We made a rapid all-night march, which was a very trying one, on account of the heat and the heavy dust which covered everything and everybody and rendered breathing all but impossible. We stopped an hour or so to rest the horses-we did not so much regard the men-and arrived in Petersburg in the early morning, our division and our battalion being among the first of Lee's troops to arrive. We were just in time to prevent Burnside from making an assault, which would probably have given him the city. General Beauregard had made admirable use of the scant force at his command and had successfully repulsed all previous attacks, but he did not have a garrison at all adequate to resist the countless thousands of Grant's main army, which had now begun to arrive, and which seems to have been deterred from the assault by the knowledge of our arrival.

The whole population of the city appeared to be in the streets and thoroughly alive to the narrow escape they had made. Though we had done nothing save to come right along, after we found out where to come, they seemed to be overflowing with gratitude to us. Ladies, old and young, met us at their front gates with hearty welcome, cool water, and delicious viands, and did not at all shrink from grasping our rough and dirty hands. There is nothing more inspiring to a soldier than to pass through the streets of a city he is helping to defend, and to be greeted as a deliverer by its women and children. He would be a spiritless wretch [310] indeed who could not be a hero after passing through a scene like this. Grant's men did not seem to yearn for close contact with us immediately after such an experience, and they did wisely to defer that pleasure.

We were not at once placed upon the lines, and some of us witnessed scenes yet more intense when a command passed through the streets which had in it what was left of several companies originally recruited in Petersburg. Every now and then along the line of march some squalid, tattered fellow, with dust-begrimed and sweat-stained face, would dart out of the column, run up the steps to the pillared porch of a fine old mansion arid fling his arms about some lovely, silver-haired matron, and fairly smother her with kisses; she fervently returning his embrace, and following him with her blessing as he hurried to catch up with the command and resume his place in the ranks.

My recollection is that we were placed in the works about noon and remained only a few hours, never firing a shot nor seeing an enemy; and then followed an experience unparalleled since — we left Leesburg in the spring of 1862. Our guns were withdrawn late in the night and we passed back through Petersburg, recrossed the Appomattox River, and were stationed on the lines, between that and the James, near the Dunn house, the Howitzers quartered in the house; and there the battalion remained from say the 20th of June, 1864, until the 2d of April, 1865, without ever so much as firing a shot or being fired at by an enemy, except that I have an indistinct recollection of our taking a rifled gun, I think of Manly's battery, a little in advance and to the left of our regular position, and taking a shot or two at the astronomer or observer in General Butler's tower. This was really a little hard on that gentleman, as I am confident he never did us any harm; but then I am equally confident we did not do him any. On the contrary, we gave him a little respite from his high and exalted position and his exhausting observations.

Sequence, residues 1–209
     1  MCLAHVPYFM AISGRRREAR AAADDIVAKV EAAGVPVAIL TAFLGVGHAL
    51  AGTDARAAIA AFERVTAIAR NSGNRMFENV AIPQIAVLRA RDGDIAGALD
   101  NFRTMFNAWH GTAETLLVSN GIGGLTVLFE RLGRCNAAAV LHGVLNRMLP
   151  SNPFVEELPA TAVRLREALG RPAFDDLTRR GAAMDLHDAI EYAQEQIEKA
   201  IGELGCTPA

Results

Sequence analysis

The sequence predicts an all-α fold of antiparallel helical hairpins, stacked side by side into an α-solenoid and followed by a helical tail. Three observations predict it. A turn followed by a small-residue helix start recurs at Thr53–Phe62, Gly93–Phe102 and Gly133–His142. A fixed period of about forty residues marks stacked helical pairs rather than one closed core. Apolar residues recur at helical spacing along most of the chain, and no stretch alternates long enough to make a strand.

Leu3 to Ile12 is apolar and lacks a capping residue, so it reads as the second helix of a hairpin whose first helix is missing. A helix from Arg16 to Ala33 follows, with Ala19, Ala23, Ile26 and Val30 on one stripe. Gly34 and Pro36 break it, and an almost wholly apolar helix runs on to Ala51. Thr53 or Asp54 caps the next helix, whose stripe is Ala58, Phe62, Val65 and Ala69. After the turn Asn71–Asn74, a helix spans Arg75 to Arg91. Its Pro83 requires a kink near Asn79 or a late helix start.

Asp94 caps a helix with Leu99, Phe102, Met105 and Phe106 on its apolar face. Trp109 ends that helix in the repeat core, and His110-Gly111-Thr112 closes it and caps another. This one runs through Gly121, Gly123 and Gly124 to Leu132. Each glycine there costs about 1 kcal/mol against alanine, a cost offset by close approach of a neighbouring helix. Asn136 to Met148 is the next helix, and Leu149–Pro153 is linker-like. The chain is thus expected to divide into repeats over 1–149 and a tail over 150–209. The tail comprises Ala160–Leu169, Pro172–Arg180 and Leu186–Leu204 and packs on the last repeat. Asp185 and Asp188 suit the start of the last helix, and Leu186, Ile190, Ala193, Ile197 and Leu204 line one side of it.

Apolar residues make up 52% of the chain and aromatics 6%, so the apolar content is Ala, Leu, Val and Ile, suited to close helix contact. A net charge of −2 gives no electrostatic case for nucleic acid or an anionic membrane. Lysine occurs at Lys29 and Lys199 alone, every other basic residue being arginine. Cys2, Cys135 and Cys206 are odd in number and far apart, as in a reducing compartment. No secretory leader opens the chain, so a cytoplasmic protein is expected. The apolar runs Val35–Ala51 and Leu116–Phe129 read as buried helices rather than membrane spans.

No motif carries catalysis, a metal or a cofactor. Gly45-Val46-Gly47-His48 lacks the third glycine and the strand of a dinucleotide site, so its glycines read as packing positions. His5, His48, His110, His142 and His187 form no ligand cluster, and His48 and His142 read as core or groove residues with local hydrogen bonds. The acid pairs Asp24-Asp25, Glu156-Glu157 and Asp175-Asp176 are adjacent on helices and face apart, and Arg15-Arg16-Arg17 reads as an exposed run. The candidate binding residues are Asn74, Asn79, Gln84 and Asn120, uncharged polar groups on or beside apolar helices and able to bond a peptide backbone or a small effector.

I said the experience was unparalleled. I refer of course to our being placed in such a safe and easy position. Both the preceding winters we had passed upon the advanced picket [311] line of the army-while most of the artillery was quartered on the railroad in comfortable winter camps. We were not responsible for being now, as it were, “mustered out of service;” yet we could not repress a vague feeling that, somehow, we were not doing our full duty. Especially was this feeling intensified when, a few months later, Mahone's division, which had been manning a very trying part of the Petersburg lines, was brought over between the Appomattox and the James to relieve Pickett's, which was sent north of the James. We thought we had before seen men with the marks of hard service upon them; but the appearance of this division of Mahone's, and particularly of Finnegan's Florida brigade, with which we happened to be most closely associated, made us realize, for the first time, what our comrades in the hottest Petersburg lines were undergoing. We were shocked at the condition, the complexion, the expression of the men, and of the officers, too, even the field officers; indeed we could scarcely realize that the unwashed, uncombed, unfed and almost unclad creatures we saw were officers oi rank and reputation in the Army It was a great pleasure, too, to note these gallant fellows, looking up and coming out, under the vastly improved conditions in which they found themselves.